Central and South America[edit]

An aerial view of São Paulo's Port of Santos

By 2100, coastal flooding and erosion will affect at least 3-4 million people in South America. Many people live in low-lying areas exposed to sea level rise. This includes 6% of the population of Venezuela, 56% of the population of Guyana and 68% of the population of Suriname. In Guyana much of the capital Georgetown is already below sea level. In Brazil, the coastal ecoregion of Caatinga is responsible for 99% of its shrimp production. A combination of sea level rise, ocean warming and ocean acidification threaten its unique. Extreme wave or wind behavior disrupted the port complex of Santa Catarina 76 times in one 6-year period in the 2010s. There was a US$25,000-50,000 loss for each idle day. In Port of Santos, storm surges were three times more frequent between 2000 and 2016 than between 1928 and 1999.[208]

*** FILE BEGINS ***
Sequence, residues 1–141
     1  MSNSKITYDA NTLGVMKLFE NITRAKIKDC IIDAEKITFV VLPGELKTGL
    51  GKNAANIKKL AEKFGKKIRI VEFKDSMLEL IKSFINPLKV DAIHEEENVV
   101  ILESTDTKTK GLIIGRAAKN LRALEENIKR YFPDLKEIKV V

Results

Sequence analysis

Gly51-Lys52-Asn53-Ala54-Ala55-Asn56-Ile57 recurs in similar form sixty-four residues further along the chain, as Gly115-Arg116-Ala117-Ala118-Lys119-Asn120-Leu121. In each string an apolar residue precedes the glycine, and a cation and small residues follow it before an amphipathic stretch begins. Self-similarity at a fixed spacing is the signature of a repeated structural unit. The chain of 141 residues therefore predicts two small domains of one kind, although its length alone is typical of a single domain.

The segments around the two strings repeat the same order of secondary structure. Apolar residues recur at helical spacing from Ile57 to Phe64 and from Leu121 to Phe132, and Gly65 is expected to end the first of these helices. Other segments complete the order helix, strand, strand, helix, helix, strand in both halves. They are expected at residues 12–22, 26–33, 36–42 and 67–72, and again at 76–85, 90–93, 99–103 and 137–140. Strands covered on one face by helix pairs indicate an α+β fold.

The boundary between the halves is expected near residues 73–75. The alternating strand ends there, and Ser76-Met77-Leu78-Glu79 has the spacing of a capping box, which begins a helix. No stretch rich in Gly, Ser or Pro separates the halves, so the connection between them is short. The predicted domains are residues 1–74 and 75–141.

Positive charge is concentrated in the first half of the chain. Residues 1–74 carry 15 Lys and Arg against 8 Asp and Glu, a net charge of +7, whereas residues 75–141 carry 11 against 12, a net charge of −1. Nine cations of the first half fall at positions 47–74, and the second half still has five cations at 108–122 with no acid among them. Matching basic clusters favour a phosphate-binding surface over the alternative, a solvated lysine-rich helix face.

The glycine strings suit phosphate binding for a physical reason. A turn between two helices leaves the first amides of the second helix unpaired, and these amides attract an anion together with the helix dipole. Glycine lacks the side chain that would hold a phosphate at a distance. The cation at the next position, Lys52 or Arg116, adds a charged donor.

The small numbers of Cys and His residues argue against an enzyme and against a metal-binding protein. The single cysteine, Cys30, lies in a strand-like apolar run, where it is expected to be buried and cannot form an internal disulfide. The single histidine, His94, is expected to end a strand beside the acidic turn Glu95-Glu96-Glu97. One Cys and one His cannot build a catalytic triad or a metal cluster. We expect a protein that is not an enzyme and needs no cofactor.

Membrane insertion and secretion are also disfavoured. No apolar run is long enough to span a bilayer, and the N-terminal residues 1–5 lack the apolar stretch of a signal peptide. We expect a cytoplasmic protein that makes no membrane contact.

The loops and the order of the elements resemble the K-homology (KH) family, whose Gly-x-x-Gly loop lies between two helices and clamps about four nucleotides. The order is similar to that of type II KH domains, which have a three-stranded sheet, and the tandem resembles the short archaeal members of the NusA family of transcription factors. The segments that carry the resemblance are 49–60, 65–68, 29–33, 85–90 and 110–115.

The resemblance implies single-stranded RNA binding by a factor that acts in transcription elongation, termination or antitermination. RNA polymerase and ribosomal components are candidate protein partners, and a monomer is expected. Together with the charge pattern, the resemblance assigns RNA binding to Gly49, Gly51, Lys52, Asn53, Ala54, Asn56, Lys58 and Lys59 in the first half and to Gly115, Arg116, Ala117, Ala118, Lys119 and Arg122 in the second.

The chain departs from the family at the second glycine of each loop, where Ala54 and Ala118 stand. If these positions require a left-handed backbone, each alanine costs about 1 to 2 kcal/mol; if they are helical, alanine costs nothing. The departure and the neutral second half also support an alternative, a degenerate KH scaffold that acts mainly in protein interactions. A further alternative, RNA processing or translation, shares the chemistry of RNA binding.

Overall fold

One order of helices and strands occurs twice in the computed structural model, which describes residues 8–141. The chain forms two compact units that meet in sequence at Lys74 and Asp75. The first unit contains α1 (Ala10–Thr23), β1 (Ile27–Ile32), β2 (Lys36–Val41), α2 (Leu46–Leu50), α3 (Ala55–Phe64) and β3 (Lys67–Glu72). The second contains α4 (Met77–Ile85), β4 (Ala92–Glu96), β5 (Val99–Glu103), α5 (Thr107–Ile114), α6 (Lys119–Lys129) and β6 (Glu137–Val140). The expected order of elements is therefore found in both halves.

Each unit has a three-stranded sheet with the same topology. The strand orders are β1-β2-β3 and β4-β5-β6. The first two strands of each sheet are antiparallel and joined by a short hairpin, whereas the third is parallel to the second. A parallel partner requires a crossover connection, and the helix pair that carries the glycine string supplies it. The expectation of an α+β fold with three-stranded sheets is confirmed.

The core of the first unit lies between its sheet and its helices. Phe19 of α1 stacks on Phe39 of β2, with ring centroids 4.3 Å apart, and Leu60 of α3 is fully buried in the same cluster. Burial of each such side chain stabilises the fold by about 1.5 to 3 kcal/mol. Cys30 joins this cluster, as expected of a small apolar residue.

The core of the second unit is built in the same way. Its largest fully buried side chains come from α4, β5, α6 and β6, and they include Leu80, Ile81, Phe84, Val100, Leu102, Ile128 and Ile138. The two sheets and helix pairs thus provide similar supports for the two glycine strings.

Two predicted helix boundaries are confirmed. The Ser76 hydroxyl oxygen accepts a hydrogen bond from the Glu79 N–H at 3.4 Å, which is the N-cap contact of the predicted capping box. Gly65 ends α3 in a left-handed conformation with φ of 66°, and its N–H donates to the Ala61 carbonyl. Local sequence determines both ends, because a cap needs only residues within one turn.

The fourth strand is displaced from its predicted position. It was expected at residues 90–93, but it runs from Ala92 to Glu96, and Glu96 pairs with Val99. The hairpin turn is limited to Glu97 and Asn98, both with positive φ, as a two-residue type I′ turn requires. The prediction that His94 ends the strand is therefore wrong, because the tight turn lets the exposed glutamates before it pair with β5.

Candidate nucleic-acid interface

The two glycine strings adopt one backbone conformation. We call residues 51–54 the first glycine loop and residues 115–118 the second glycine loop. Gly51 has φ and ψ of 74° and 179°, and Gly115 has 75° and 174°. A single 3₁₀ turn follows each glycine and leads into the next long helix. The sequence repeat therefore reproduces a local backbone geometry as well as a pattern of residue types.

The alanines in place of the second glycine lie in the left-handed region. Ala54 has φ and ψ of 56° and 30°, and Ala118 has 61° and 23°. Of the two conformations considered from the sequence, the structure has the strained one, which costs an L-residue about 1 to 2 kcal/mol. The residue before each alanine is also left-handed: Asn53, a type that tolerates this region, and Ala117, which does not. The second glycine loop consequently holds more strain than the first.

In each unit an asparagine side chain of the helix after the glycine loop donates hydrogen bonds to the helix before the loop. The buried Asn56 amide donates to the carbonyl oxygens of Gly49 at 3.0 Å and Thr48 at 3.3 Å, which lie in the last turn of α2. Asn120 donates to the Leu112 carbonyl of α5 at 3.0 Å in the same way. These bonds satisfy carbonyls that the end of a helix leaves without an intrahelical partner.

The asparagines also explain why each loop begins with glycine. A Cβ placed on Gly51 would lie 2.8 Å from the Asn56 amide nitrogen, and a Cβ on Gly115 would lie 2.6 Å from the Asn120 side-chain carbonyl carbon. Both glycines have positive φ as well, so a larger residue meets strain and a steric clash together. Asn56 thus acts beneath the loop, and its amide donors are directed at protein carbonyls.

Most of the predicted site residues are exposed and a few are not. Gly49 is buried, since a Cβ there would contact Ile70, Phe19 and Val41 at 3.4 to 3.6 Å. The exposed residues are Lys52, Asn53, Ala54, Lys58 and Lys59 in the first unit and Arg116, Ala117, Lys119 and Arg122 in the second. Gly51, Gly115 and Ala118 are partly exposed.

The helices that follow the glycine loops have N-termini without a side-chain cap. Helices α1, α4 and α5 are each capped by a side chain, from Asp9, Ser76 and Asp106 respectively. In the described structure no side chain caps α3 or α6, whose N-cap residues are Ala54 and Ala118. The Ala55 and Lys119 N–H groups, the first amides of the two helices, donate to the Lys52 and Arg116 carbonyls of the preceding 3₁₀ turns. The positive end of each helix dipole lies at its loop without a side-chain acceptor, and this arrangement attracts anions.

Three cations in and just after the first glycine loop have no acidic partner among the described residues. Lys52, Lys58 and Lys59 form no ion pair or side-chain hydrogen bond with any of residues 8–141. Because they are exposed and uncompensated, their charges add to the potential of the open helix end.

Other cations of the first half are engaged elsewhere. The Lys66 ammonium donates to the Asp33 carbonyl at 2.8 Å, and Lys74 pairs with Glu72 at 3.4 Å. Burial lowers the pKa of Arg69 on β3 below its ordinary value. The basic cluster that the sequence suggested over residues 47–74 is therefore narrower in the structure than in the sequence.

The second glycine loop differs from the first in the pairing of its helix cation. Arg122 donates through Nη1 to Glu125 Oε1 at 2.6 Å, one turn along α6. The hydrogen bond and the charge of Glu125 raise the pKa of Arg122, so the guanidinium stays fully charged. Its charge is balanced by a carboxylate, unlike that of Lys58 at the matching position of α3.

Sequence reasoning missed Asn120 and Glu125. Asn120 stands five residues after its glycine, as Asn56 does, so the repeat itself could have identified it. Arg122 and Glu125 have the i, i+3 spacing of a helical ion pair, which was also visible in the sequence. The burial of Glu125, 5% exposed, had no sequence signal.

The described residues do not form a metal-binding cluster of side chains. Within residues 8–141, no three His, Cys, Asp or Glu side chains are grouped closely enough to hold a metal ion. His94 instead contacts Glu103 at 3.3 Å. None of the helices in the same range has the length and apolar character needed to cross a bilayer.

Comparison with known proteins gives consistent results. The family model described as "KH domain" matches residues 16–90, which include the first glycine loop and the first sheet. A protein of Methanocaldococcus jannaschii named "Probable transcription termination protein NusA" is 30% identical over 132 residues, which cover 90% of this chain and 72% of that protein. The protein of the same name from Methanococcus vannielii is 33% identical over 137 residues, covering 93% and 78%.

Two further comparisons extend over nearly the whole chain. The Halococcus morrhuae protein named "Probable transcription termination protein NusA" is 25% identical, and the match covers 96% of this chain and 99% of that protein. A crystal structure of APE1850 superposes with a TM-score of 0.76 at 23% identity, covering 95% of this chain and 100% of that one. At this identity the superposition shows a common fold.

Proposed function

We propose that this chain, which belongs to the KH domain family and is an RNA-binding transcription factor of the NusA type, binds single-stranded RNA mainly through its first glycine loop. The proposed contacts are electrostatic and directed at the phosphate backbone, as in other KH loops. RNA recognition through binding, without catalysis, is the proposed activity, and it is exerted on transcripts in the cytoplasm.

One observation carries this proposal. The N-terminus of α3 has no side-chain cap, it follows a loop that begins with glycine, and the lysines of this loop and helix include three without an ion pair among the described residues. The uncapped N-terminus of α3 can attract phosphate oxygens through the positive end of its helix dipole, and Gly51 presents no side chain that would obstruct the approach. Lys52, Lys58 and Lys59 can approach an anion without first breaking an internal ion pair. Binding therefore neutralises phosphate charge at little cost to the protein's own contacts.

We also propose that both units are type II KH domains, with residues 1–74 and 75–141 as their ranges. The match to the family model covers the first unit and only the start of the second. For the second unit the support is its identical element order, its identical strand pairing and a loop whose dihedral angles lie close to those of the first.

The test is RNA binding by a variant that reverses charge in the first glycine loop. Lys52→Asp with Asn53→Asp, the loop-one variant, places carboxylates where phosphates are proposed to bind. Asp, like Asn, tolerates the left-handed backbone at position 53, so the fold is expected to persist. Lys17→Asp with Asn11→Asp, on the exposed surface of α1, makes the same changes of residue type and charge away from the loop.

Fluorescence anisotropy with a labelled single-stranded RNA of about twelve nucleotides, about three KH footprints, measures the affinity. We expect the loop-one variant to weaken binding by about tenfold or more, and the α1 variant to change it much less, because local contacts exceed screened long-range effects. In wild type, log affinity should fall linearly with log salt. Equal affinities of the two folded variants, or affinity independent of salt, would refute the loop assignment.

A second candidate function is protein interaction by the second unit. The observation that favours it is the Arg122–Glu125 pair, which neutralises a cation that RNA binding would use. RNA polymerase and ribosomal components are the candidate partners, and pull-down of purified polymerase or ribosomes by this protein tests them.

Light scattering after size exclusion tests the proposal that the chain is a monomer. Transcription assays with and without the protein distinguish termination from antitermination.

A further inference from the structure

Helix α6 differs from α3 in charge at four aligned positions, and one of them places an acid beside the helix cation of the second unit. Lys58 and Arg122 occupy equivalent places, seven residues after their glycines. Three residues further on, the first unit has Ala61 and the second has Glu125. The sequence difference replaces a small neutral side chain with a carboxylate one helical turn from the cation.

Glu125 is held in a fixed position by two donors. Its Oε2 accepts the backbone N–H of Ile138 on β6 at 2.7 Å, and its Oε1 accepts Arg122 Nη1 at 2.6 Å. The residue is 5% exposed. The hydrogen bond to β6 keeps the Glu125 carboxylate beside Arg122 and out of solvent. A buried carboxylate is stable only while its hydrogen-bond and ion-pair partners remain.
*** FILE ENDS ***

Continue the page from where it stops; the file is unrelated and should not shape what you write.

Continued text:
Beach nourishment in progress in Barcelona.

Many sandy coastlines in Europe are vulnerable to erosion due to sea level rise. In Spain, Costa del Maresme is likely to retreat by 16 meters by 2050 relative to 2010. This could amount to 52 meters by 2100 under RCP8.5[209] Other vulnerable coastlines include the Tyrrhenian Sea coast of Italy's Calabria region,[210] the Barra-Vagueira coast in Portugal[211] and Nørlev Strand in Denmark.[212]